I had meant to give our son a teeny history lesson before we got started tonight, but I forgot. The story will memorably end with a cute revelation about the Great Fire of London in 1666. This, I figured, would be completely lost on our son, because the second grade curriculum in the United States doesn’t actually mention it. So we talked about the rats that the mysterious and scarred alien creature has been keeping in these Plague-fearing times, and then I mentioned that the really big world event that year was the fire, which destroyed thousands of homes. He told me that he knew all about it. Apparently, it’s revealed in one of his Beano Books that not only did Beryl the Peril start the fire, but she also ate five pies while starting it. Well, did she, now!

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Doctor Who: Kinda (parts three and four)

“Kinda” is an incredibly dense and layered story, and one that offers more meaty parts for women than we had been seeing in Doctor Who in the late seventies. With Nyssa and Tegan both out of the action, the role of asking questions falls to one of the colonial inspectors, Dr. Todd, played by Nerys Hughes. She had co-starred in the sitcom The Liver Birds throughout the 1970s, another case of the producer looking for very recognizable faces from popular entertainment and casting them against type, as we saw with Stratford Johns in the previous story and will see with Michael Robbins in the next.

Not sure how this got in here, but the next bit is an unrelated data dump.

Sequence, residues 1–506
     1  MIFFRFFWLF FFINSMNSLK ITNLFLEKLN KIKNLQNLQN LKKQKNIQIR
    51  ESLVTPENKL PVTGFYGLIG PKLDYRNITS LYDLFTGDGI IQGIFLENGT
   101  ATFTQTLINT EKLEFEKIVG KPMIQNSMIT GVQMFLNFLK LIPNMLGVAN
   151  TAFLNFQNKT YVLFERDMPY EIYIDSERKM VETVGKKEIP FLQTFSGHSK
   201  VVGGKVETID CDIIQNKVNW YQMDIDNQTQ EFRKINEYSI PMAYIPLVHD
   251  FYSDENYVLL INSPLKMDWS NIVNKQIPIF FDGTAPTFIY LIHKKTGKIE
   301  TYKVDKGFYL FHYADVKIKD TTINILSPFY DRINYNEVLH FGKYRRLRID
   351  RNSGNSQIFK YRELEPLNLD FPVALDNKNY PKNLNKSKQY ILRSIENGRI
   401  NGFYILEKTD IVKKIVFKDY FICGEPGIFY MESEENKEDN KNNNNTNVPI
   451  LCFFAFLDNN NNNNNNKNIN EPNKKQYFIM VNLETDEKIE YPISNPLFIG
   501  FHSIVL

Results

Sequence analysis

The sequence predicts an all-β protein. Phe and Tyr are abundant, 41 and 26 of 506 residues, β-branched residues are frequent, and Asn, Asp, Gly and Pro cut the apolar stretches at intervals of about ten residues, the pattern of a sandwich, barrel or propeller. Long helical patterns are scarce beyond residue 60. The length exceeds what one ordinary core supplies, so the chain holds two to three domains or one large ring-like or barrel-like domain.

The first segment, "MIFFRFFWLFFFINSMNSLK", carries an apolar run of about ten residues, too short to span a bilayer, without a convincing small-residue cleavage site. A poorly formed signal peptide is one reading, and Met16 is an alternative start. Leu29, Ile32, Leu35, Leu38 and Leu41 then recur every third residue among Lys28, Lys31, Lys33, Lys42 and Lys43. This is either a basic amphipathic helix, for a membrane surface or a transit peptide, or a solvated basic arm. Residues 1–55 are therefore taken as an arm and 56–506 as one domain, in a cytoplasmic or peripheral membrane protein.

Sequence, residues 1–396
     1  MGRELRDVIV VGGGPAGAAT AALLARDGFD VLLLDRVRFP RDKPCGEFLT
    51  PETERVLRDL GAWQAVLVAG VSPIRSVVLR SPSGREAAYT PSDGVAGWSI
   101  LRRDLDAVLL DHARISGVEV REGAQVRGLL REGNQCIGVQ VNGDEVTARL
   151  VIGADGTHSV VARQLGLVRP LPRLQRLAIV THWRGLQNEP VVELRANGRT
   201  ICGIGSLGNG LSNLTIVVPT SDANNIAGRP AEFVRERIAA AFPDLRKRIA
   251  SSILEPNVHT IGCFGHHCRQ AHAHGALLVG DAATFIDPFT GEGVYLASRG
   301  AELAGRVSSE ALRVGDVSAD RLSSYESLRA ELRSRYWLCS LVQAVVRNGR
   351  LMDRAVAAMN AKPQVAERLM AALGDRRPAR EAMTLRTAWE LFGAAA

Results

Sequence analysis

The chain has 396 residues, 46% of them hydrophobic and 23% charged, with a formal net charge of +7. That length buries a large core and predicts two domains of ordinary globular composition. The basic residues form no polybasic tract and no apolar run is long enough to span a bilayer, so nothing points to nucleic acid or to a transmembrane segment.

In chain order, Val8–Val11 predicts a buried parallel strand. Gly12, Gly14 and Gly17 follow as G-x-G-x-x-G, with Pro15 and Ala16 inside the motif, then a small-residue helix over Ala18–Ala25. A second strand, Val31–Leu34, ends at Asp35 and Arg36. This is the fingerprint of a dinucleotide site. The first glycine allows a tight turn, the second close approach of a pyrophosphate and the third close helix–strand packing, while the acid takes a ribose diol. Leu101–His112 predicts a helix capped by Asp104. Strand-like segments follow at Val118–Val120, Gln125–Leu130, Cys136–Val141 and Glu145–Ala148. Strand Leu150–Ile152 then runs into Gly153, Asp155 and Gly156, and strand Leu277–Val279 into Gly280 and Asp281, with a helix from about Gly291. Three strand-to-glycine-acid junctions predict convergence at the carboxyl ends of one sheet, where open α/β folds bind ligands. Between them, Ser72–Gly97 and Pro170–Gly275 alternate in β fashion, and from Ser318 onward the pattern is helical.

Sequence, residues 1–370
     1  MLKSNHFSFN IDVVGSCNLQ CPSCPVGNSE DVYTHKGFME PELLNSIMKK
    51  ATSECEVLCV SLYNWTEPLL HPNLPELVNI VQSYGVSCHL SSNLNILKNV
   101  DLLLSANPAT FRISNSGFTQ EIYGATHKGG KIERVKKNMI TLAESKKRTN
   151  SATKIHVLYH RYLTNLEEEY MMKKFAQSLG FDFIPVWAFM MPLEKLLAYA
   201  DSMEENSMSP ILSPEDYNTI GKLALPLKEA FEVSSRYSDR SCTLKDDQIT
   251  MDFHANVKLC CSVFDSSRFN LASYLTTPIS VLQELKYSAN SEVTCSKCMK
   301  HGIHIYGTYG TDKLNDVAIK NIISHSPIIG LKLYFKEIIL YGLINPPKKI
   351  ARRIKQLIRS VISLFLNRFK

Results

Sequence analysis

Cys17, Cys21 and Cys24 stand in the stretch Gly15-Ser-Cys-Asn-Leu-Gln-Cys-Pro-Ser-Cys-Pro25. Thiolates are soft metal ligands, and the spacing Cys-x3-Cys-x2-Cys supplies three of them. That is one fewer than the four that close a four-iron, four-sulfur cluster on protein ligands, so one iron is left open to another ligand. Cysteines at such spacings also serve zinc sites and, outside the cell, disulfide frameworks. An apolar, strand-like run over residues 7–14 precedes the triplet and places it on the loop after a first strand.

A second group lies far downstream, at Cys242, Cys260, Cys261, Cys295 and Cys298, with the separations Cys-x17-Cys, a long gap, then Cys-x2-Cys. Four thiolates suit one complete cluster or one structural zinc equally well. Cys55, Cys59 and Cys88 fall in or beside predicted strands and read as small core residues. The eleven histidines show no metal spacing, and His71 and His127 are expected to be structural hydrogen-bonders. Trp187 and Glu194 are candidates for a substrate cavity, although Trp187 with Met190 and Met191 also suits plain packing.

Hughes gets one of my favorite moments of the story. Since Dr. Todd is filling the companion role, she peppers the Doctor with questions until he actually comments on it. As soon as they run into one of the Kinda who can speak, it’s he who has all the questions, leading her to rib him on his own curiosity.

The evil Mara finally reveals itself at the end as a giant, colorful snake, which surprised and delighted our son. It’s one of those visual effects that has caused so much grumbling, but it honestly doesn’t look egregiously more fake or plastic than any other alien being from this era of the series to me. It seemed to convince our kid, who says that he enjoyed this story even more than “Four to Doomsday,” so the show’s definitely on a high for him right now.

Just one more note, because I could certainly talk about this one all day, about the interesting lack of deaths in this adventure. The only confirmed death among the characters is that of the old, blind wise woman, Panna. Three of the colonists had vanished before the story opens, and it’s explained that opening a magical, mind-cleansing box that the Kinda use had driven them each mad. Considering that the end of the story sees the other two men from the expedition healed and relaxed, I’d like to think that the other three had thrown off their uniforms and been eating fruits and climbing mountains until the mental stress of the “wheel-turning” Mara had been exorcised and are making their way back to camp as our heroes depart. I think that makes the ending even nicer.